In response to a question, Yoder said no animals would be housed on campus during summer break.

?What we want to do is bring animals in the fall that are going to have babies, because kids love to see little babies and we want to show them that process,? he said.

?We want them to see that life cycle of farm animals that will take place during a school year.?

Yoder said lambs, goats and hogs reach market weight in about six months.

With the absence of animals in summer, Yoder said concern about flies should be alleviated.

?There are feed supplements that you can feed animals that flies cannot reproduce in the manure,? he said. ?They won?t be out there through most of the year.?

? Number of animals.

Yoder said the farm would be home to a maximum of two bucket calves, plus two gestating ewes, two gestating goats and a sow that would give birth during the year.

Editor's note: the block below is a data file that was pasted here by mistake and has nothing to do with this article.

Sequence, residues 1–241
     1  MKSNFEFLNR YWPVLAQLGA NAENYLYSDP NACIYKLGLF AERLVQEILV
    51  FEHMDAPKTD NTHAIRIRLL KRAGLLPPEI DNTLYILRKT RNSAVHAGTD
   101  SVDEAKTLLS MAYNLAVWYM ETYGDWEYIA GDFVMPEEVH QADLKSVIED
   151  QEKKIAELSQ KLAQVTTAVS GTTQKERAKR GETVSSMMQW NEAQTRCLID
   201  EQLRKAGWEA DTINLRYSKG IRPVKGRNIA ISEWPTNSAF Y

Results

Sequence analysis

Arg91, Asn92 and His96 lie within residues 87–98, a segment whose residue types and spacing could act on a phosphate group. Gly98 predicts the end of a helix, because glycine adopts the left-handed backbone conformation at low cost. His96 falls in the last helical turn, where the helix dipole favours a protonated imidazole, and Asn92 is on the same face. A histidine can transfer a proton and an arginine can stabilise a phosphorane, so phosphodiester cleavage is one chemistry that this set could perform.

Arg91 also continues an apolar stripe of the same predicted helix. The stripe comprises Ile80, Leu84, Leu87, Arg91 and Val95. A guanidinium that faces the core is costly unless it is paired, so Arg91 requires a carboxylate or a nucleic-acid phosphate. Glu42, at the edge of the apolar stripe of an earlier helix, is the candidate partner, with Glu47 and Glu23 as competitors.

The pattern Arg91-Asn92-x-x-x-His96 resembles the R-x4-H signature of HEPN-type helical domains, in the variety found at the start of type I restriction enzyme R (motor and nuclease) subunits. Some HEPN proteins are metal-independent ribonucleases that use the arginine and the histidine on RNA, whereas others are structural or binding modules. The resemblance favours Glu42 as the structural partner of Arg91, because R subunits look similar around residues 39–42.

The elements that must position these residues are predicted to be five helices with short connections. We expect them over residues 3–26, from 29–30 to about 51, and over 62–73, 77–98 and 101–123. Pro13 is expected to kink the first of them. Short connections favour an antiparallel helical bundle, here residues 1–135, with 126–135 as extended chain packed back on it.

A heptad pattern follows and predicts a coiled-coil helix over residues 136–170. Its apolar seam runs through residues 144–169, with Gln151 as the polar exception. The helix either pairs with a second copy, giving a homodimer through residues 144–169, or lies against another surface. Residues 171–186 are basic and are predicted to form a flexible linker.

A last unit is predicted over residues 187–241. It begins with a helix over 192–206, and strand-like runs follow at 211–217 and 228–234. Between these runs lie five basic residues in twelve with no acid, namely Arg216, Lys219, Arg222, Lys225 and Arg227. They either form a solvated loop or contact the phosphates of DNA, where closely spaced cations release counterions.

?These are small numbers,? Yoder said. ?They will not be in tight quarters?it?s not a feedlot. Part of the responsibility for kids is to keep that area clean. We want to be good neighbors, and we don?t want our schools to stink anymore than the neighbors want it to stink.

?Just because we have so few animals there, I?m confident it?s not going to happen.?

More about manure

Two professionals addressed the concern about animal manure.

Rickey Roberts, Marion County extension agent, said large farm animals, like cattle, can produce up to 10 pounds of manure per day, but 90 percent of it is water.

?In a month?s time you?re not even going to get a wheelbarrow full (of solid waste),? he said.

Sheep and goats produce about a third of that amount, and about 75 percent of it is water.

?Cleanup is not going to be difficult to accomplish,? Roberts said. ?We have much more manure hauled into town every year for our lawns and gardens than what these few animals will produce.?